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Defense Seeks to Bar Alleged Child Porn From Trial in Van Dam Slaying

TIMES STAFF WRITER

Defense attorneys for David Westerfield are attempting to keep alleged child pornography seized at his home from being introduced as evidence in his upcoming trial on charges of kidnapping and killing 7-year-old Danielle van Dam, motions unsealed Monday indicate.

The pornography is irrelevant to the kidnapping and murder charges and liable to unfairly turn the jury against Westerfield because it portrays children in “offensive” sexual activity, attorneys Robert E. Boyce and Steven Feldman argued.

But Deputy Dist. Atty. Jeff Dusek, in asking Superior Court Judge William Mudd to reject the defense motion, said the child pornography “is strong evidence of defendant’s motive to kidnap, sexually abuse and ultimately murder” Danielle.

A pretrial hearing is set to begin today on a series of motions by both sides. The trial has been scheduled for May 17.

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Boyce and Feldman said the pornography is irrelevant because there is no evidence yet presented that Westerfield, 50, a self-employed design engineer, ever looked at the images found on computer discs in his garage. Also, they noted that Westerfield is not accused of sexually molesting Danielle, whose family lived two doors away from Westerfield in the upscale Sabre Springs neighborhood.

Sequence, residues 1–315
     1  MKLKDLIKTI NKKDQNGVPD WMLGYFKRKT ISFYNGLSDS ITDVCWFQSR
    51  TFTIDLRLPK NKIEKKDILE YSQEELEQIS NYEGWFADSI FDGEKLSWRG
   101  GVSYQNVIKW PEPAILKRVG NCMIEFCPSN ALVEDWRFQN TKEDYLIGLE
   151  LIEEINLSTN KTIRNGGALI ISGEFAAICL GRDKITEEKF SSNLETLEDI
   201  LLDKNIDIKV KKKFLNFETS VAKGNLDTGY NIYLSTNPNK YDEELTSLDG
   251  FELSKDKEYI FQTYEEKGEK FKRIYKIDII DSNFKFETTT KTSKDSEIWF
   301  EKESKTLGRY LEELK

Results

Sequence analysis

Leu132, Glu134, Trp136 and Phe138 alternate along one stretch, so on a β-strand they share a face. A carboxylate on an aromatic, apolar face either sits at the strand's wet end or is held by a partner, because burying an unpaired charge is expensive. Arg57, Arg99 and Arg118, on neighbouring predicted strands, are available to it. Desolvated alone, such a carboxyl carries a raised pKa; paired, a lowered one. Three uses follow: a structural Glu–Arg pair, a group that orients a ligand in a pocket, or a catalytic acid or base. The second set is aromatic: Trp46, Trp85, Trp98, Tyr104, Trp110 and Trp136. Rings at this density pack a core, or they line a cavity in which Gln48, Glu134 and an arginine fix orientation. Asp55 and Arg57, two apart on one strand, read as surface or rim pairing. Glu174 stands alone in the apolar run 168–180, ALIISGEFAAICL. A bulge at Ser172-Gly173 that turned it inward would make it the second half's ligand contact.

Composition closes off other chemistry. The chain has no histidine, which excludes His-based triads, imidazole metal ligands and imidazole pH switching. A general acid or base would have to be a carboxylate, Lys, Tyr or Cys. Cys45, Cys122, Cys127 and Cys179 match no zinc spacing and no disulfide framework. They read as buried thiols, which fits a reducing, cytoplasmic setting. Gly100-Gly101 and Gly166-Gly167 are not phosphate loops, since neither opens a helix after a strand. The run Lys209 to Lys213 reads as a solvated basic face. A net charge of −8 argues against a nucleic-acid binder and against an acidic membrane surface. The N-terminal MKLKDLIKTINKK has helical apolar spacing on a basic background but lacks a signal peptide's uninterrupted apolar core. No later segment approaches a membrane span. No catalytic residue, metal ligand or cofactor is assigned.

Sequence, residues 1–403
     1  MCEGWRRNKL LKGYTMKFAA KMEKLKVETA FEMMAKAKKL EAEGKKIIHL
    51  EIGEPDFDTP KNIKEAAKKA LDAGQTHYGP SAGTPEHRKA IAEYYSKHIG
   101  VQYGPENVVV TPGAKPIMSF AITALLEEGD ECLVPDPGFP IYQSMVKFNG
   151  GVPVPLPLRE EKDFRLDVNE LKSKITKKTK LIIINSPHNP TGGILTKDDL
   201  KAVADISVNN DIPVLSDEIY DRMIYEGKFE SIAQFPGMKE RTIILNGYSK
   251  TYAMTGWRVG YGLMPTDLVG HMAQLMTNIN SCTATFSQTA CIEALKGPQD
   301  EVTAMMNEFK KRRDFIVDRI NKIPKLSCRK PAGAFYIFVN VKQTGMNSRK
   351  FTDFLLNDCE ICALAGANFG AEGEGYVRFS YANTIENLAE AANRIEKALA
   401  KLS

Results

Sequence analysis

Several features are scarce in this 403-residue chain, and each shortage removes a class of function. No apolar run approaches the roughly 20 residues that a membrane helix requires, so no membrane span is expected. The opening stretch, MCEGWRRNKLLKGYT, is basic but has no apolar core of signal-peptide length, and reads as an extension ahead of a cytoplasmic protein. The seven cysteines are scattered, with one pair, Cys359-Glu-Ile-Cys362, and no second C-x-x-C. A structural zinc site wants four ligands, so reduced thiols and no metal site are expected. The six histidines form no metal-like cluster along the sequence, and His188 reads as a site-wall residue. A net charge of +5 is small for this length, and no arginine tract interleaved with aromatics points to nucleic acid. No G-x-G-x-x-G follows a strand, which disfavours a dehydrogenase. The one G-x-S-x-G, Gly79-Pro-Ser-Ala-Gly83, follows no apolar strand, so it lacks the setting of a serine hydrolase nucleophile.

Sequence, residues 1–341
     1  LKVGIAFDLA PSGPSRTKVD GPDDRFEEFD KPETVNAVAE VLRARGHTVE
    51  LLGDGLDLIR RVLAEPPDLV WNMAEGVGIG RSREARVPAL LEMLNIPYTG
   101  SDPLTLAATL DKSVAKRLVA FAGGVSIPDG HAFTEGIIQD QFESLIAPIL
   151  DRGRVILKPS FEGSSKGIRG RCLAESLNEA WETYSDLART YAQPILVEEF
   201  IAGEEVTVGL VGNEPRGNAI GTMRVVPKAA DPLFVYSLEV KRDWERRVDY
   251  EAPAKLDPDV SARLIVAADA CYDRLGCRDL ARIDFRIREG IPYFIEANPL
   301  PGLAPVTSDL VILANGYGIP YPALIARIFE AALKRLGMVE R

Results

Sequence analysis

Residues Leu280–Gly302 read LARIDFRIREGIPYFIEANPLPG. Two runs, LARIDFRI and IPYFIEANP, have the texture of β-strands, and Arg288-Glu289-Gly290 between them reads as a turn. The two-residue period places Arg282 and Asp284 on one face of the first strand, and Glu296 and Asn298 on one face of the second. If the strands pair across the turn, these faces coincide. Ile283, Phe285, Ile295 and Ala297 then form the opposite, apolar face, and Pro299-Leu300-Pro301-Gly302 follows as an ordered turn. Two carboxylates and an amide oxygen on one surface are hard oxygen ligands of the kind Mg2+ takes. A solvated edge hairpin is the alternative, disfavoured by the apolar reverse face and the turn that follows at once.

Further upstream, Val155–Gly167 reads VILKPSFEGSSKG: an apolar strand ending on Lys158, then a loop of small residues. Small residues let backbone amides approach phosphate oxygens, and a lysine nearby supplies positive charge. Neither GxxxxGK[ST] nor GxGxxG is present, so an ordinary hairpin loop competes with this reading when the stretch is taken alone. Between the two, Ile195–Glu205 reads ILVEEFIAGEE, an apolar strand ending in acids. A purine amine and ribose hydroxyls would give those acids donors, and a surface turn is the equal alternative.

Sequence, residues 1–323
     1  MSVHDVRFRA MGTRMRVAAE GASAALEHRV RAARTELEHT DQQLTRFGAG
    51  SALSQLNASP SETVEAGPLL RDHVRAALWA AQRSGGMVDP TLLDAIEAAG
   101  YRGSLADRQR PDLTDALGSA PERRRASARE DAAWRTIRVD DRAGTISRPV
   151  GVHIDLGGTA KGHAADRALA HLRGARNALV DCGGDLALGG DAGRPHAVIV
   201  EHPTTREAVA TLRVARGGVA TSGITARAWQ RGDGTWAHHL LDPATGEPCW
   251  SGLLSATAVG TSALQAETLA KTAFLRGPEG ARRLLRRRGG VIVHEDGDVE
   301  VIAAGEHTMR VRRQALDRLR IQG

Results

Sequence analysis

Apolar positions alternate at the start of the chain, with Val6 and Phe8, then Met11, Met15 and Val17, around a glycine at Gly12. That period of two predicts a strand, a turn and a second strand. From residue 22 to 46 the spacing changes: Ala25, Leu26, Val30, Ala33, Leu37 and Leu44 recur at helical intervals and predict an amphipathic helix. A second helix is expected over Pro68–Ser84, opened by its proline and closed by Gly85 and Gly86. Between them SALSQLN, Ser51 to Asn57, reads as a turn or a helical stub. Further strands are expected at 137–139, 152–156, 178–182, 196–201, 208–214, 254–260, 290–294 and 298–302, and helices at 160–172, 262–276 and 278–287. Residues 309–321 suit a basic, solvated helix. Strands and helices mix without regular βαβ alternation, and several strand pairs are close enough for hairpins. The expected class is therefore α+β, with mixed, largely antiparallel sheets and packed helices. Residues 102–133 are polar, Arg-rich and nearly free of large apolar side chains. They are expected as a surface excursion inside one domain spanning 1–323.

At an earlier hearing, the county medical examiner testified that Danielle’s body, found Feb. 28, 21 days after her parents reported her missing, was too badly decomposed to allow him to determine how she had been killed or whether she had been molested.

At that hearing, prosecutors presented evidence that Danielle’s blood was found on Westerfield’s jacket and that her fingerprints were found in his recreational vehicle.

Boyce and Feldman are asking Mudd to keep the pornography from being shown to the jury and also to order a separate trial on the misdemeanor charge facing Westerfield of possession of child pornography.

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Prosecutors have alleged that pictures, cartoons and digital images on discs found in Westerfield’s garage show underage females in sexual acts, in bondage and, in one case, crying for help.

The defense attorneys conceded that the “cartoons and the pornography depict extremely offensive sexual and nonsexual subjects” and thus should be kept from the jury.

“The subject of [Westerfield’s] lifestyle is irrelevant on the issue of guilt” on murder and kidnapping charges, Boyce and Feldman wrote.

The defense also wants Mudd to exclude the tape-recording of the tearful, panicky voice of Brenda van Dam calling 911 to report her daughter missing.

Prosecutors want Mudd to exclude evidence about drug use by Brenda van Dam and her husband, Damon.


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